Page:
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About The daily Astorian. (Astoria, Or.) 1961-current | View Entire Issue (May 9, 2016)
THE DAILY ASTORIAN • MONDAY, MAY 9, 2016
Fine arts: Performers ‘love doing the kids’ shows’
Continued from Page 1A
“Giselle” takes place in an
autumnal German Rhineland in
the Middle Ages, and tells the
story of a peasant girl, Giselle,
fancied by nobleman Duke
Albrecht, who is betrothed to
Bathilde, daughter of the Duke
of Courland. Albrecht dis-
guises himself as Loys, a hum-
ble villager, in an effort to woo
Paige Wilkey, a dancer with
the Oregon Ballet Theatre,
played the title role. Her part-
ner Alexander Negron played
“I hired them to come and be
the stars,” Wall said.
Negron, from New York
City, started dancing at 8 after
outreach school Ballet Tech vis-
ited his class to encourage more
involvement in the arts. Wilkey,
from Los Angeles, has been
dancing since 3. Both are soon
headed for the corps de ballet in
“I love doing the kids’
shows,” Negron said, adding
that while adults know how
to sit and be quiet, the kids are
responsive, wearing emotions
on their sleeves.
In the ballet, Albrecht’s
deception is discovered by
Hilarion, a local gamekeeper
also after Giselle’s affections.
Hilarion was played by 16-year-
old Joe Justice from Warrenton.
Justice was 13 and having issues
at school when his principal
learned he liked to dance for fun
Photos by Edward Stratton/The Daily Astorian
From left, 6-year-old Lexey Wilson, her mother Cassie and twin sister Evie take in a
Friday performance of “Giselle” by the Astoria School of Ballet at the Liberty Theater.
The outing, her daughters’ first ballet, reminded Cassie Wilson of going to see “The Nut-
cracker” in Portland with her sister and grandmother.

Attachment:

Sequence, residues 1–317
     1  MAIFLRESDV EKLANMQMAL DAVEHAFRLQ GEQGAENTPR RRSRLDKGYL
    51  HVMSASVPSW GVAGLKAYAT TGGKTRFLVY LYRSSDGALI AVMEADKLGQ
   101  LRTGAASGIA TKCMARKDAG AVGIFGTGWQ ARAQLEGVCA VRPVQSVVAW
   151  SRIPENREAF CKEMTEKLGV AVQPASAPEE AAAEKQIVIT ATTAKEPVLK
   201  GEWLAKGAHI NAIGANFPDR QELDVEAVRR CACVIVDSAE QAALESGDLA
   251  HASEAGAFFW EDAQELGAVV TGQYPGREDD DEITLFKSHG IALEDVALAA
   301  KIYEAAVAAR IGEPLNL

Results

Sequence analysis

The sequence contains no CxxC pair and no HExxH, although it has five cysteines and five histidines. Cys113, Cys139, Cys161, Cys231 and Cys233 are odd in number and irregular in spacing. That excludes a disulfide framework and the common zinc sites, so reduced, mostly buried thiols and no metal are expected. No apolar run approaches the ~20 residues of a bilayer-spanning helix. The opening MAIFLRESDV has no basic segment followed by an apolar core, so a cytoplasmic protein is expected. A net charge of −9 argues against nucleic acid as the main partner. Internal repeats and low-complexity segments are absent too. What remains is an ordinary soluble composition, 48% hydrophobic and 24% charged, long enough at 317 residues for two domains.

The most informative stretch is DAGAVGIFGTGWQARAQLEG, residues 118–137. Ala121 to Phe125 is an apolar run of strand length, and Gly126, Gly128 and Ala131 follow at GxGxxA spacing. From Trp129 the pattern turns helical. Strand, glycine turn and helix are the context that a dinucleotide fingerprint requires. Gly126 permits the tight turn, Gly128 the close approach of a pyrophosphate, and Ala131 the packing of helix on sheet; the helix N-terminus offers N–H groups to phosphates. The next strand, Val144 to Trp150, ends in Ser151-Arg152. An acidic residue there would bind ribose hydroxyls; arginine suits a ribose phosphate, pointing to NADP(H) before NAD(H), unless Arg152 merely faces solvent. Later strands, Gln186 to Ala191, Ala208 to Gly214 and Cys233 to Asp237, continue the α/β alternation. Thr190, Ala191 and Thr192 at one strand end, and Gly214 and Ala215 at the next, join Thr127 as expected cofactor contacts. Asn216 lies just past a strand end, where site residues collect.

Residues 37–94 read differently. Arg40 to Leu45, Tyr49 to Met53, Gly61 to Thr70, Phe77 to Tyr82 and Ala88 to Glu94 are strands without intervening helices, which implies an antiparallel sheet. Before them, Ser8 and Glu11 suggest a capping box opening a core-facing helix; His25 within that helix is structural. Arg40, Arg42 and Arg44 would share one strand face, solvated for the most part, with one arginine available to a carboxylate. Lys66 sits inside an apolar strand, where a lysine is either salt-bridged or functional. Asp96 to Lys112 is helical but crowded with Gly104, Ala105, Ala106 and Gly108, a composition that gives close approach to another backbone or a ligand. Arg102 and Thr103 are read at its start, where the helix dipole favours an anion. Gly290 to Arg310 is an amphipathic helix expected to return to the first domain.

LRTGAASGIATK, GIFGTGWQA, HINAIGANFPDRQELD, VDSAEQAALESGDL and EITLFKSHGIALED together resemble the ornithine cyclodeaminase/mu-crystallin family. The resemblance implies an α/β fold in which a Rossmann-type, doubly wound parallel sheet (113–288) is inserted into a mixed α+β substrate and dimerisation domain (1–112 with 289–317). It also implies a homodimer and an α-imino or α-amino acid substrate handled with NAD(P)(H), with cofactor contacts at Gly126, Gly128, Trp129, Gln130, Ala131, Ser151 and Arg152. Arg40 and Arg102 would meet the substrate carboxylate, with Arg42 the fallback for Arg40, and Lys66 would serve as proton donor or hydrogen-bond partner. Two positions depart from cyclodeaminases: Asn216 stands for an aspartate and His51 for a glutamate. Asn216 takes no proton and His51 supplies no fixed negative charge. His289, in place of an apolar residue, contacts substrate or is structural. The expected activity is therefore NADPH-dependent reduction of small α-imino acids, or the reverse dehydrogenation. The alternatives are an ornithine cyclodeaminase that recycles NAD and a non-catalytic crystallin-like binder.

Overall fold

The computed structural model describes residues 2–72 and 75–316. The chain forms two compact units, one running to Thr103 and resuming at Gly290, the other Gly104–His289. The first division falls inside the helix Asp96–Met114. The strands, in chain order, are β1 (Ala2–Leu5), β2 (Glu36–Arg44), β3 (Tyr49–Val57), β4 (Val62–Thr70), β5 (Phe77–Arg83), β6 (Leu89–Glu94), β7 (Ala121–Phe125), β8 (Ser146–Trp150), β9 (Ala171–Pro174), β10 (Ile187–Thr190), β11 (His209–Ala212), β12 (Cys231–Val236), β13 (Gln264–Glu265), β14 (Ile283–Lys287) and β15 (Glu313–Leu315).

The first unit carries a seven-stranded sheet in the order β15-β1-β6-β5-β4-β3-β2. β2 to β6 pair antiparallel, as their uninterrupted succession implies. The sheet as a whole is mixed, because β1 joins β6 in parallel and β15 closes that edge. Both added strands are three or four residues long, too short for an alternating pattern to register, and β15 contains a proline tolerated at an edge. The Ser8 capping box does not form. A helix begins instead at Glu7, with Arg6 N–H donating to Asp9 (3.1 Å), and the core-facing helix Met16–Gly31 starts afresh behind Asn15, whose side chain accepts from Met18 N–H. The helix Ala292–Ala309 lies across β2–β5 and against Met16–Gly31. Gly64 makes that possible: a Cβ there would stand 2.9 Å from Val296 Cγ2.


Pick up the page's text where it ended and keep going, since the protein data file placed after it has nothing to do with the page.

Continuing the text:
and introduced him to Wall, who
gave him a scholarship. Wall
described Justice, her only older
male dancer, as another rising
talent destined for bigger stages.
for the show
The school’s yearly show is
announced in December. The
40 or so dancers at the school
continue classes, while practic-
ing for the big performances in
May. A volunteer corps, includ-
ing many of the dancers’ par-
Alexander Negron and Paige Wilkey, two dancers on loan
from the Oregon Ballet Theatre, prepare to play the title
roles of Duke Albrecht of Silesia and peasant girl Giselle,
in an Astoria School of Ballet production of “Giselle” Fri-
day at the Liberty Theater.
ents, creates the sets and does
Peggy Boisvert, who played
Giselle’s mother Berthe, also
helped create 54 costumes.
“It’s a lot of time,” Wall said.
“It’s a lot of energy.”
The shows provide the danc-
ers a chance to perform for big,
enthusiastic crowds, including
some of their peers from school
and family. Gloria Reeves said
she traveled from Oklahoma
to Astoria speciically to see
granddaughter Josie Reeves,
a second-grader at John Jacob
Astor Elementary School.
“I am impressed, because I
was stricken with stage fright,”
said Josie’s mother, Kimberly
Chaput. “But she thrives on it.”
Another dancer who seemed
to thrive on live performances
was Wall’s 4-year-old daughter,
Hudson Sandel, who played a
“When I was a little kid, I
couldn’t do it,” Sandel said, add-
ing she was excited to get a irst
performance under her belt.
Daryan Gres, a dancer with Astoria Ballet Company, re-
ceives some makeup around her eyes from Amanda Ca-
sian before a performance of “Giselle” at the Liberty The-
Gamekeeper Hilarion, played by Joe Justice from War-
renton, performs in front of the Duke of Courland, left,
played by Sen Incavo, and his daughter, Bathilde, played
by Daina Ploghoft. Justice was drawn to ballet as an outlet
after getting in trouble at school. More photos online at
Nobleman Duke Albrecht of Silesia, played by Alexander
Negron, dances with peasant girl Giselle, played by Paige
Wilkey. The two Oregon Ballet Theatre dancers were hired by
Director Margaret Wall to be the stars of the Astoria School
of Ballet’s production of “Giselle” at the Liberty Theater.
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